To achieve interstellar travel, the Kline Directive instructs us to be bold, to explore what others have not, to seek what others will not, to change what others dare not. To extend the boundaries of our knowledge, to advocate new methods, techniques and research, to sponsor change not status quo, on 5 fronts:
1. Legal Standing. 2. Safety Awareness. 3. Economic Viability. 4. Theoretical-Empirical Relationship. 5. Technological Feasibility.
In this post I will explore Economic Viability. I have proposed the Interstellar Challenge Matrix (ICM) to guide us through the issues so that we can arrive at interstellar travel sooner, rather than later. Let us review the costs estimates of the various star drives just to reach the velocity of 0.1c, as detailed in previous blog posts:
Interstellar Challenge Matrix (Partial Matrix)
Note Atomic Bomb numbers were updated on 10/18/2012 after Robert Steinhaus commented that costs estimates “are excessively high and unrealistic”. I researched the topic and found Project Orion details the costs, of $2.6E12 to $25.6E12, which are worse than my estimates.
These costs are humongous. The Everly Brothers said it the best.
Let’s step back and ask ourselves the question, is this the tool kit we have to achieve interstellar travel? Are we serious? Is this why DARPA — the organization that funds many strange projects — said it will take more than a 100 years? Are we not interested in doing something sooner? What happened to the spirit of the Kline Directive?
From a space exploration perspective economic viability is a strange criterion. It is not physics, neither is it engineering, and until recently, the space exploration community has been government funded to the point where realistic cost accountability is nonexistent.
Don’t get me wrong. This is not about agreeing to a payment scheme and providing the services as contracted. Government contractors have learned to do that very well. It is about standing on your own two feet, on a purely technology driven commercial basis. This is not an accounting problem, and accountants and CFOs cannot solve this. They would have no idea where to start. This is a physics and engineering problem that shows up as an economic viability problem that only physicists and engineers can solve.
The physics, materials, technology and manufacturing capability has evolved so much that companies like Planetary Resources, SpaceX, Orbital Sciences Corp, Virgin Galactic, and the Ad Astra Rocket Company are changing this economic viability equation. This is the spirit of the Kline Directive, to seek out what others would not.
So I ask the question, whom among you physicist and engineers would like to be engaged is this type of endeavor?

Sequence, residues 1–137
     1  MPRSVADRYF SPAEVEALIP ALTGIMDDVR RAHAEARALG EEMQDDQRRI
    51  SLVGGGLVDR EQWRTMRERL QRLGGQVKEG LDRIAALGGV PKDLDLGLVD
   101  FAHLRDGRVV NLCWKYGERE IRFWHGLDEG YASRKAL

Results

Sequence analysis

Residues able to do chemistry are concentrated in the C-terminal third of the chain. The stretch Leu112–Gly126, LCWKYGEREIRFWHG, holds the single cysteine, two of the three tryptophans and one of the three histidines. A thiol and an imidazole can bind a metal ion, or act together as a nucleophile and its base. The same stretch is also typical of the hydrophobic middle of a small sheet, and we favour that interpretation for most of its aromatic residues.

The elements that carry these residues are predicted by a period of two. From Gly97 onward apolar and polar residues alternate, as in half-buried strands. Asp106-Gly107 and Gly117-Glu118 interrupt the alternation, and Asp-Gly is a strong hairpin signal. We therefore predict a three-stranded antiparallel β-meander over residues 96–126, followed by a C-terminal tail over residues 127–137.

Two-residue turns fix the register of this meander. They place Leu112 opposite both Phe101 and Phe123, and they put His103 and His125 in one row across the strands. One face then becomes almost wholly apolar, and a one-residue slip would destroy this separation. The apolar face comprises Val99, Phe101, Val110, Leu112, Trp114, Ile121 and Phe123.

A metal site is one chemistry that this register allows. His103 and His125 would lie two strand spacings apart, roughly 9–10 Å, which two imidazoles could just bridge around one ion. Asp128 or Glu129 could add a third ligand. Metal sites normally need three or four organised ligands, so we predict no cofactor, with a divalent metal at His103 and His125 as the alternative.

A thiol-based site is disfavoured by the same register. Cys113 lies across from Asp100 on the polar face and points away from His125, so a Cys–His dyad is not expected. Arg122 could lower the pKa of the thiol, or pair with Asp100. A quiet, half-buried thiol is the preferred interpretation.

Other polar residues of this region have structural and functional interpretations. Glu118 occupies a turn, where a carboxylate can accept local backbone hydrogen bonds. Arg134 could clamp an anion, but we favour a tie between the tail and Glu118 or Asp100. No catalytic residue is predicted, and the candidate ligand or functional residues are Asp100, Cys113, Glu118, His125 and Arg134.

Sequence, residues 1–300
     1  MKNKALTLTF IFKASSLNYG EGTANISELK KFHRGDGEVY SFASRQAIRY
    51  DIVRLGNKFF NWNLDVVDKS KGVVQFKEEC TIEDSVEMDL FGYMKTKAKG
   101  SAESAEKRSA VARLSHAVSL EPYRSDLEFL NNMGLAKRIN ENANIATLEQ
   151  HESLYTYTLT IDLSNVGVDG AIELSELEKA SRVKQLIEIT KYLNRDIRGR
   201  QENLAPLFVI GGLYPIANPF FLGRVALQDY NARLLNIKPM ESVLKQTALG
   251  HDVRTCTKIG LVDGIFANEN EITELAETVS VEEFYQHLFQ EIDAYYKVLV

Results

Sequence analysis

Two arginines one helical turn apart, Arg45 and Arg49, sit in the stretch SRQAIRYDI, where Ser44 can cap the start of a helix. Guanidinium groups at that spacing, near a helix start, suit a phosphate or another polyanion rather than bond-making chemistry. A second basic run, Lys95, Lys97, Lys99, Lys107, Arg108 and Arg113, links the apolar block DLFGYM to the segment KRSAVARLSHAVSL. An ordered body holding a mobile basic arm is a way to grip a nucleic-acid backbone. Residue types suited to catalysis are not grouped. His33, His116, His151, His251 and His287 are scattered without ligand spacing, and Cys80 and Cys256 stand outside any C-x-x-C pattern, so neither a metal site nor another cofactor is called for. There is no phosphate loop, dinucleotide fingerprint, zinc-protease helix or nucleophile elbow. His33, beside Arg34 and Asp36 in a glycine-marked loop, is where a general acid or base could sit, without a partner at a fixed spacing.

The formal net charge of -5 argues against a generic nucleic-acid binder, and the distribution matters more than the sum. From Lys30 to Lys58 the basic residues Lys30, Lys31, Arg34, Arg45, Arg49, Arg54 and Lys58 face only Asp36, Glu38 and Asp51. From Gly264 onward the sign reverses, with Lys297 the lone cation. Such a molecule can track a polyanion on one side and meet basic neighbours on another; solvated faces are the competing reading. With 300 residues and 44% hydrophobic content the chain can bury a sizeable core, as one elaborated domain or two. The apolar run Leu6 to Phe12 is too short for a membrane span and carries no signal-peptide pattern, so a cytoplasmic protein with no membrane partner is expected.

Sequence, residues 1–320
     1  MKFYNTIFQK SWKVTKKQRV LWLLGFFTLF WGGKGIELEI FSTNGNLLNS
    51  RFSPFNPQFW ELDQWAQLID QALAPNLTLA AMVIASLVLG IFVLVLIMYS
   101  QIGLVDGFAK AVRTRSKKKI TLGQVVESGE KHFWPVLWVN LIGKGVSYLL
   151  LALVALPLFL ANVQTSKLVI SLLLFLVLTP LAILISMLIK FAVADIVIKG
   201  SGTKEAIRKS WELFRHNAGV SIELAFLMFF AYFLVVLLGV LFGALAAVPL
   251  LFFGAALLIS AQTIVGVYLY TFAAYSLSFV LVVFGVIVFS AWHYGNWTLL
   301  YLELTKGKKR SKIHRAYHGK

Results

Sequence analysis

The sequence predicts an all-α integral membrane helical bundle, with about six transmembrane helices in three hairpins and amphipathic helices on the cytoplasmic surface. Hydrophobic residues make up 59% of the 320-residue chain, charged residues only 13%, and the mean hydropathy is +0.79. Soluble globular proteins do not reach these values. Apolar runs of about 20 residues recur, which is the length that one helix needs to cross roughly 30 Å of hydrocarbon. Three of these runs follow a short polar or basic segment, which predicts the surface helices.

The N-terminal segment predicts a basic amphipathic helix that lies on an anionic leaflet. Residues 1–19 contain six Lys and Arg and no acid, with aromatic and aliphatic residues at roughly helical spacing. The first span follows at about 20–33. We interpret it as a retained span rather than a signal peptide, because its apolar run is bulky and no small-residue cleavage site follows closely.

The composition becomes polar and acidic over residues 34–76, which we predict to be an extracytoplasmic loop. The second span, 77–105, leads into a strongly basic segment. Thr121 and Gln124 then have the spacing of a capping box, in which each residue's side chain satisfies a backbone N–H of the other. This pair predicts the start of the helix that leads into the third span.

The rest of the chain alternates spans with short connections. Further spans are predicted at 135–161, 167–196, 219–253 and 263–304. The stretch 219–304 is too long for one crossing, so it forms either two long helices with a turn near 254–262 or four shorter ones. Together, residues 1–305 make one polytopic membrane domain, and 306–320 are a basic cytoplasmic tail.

But first, let us learn a lesson from history to figure out what it takes. Take for example DARPA funding of the Gallium Arsenide. “One of DARPA’s lesser known accomplishments, semiconductor gallium arsenide received a push from a $600-million computer research program in the mid-1980s. Although more costly than silicon, the material has become central to wireless communications chips in everything from cellphones to satellites, thanks to its high electron mobility, which lets it work at higher frequencies.”
In the 1990s Gallium Arsenide semiconductors were so expensive that “silicon wafers could be considered free”. But before you jump in and say that is where current interstellar propulsion theories are, you need to note one more important factor.
The Gallium Arsenide technology had a parallel commercially proven technology in place, the silicon semiconductor technology. None of our interstellar propulsion technology ideas have anything comparable to a commercially successful parallel technology. (I forgot conventional rockets. Really?) A guesstimate, in today’s dollars, of what it would cost to develop interstellar travel propulsion given that we already had a parallel commercially proven technology, would be $1 billion, and DARPA would be the first in line to attempt this.
Given our theoretical physics and our current technological feasibility, this cost analysis would suggest that we require about 10 major technological innovations, each building on the other, before interstellar travel becomes feasible.
That is a very big step. Almost like reaching out to eternity. No wonder Prof Adam Franks in his July 24, 2012 New York Times Op-Ed, Alone in the Void, wrote “Short of a scientific miracle of the kind that has never occurred, our future history for millenniums will be played out on Earth”.
Therefore, we need to communicate to the theoretical physics community that they need get off the Theory of Everything locomotive and refocus on propulsion physics. In a later blog posting I will complete the Interstellar Challenge Matrix (ICM). Please use it to converse with your physicist colleagues and friends about the need to focus on propulsion physics.
In the spirit of the Kline Directive — bold, explore, seek & change — can we identify the 10 major technological innovations? Wouldn’t that keep you awake at night at the possibility of new unthinkable inventions that will take man where no man has gone before?
PS. I was going to name the Interstellar Challenge Matrix (ICM), the Feasibility Matrix for Interstellar Travel (FMIT), then I realized that it would not catch on at MIT, and decided to stay with ICM.
Previous post in the Kline Directive series.
Next post in the Kline Directive series.
Benjamin T Solomon is the author & principal investigator of the 12-year study into the theoretical & technological feasibility of gravitation modification, titled An Introduction to Gravity Modification, to achieve interstellar travel in our lifetimes. For more information visit iSETI LLC, Interstellar Space Exploration Technology Initiative.
Solomon is inviting all serious participants to his LinkedIn Group Interstellar Travel & Gravity Modification.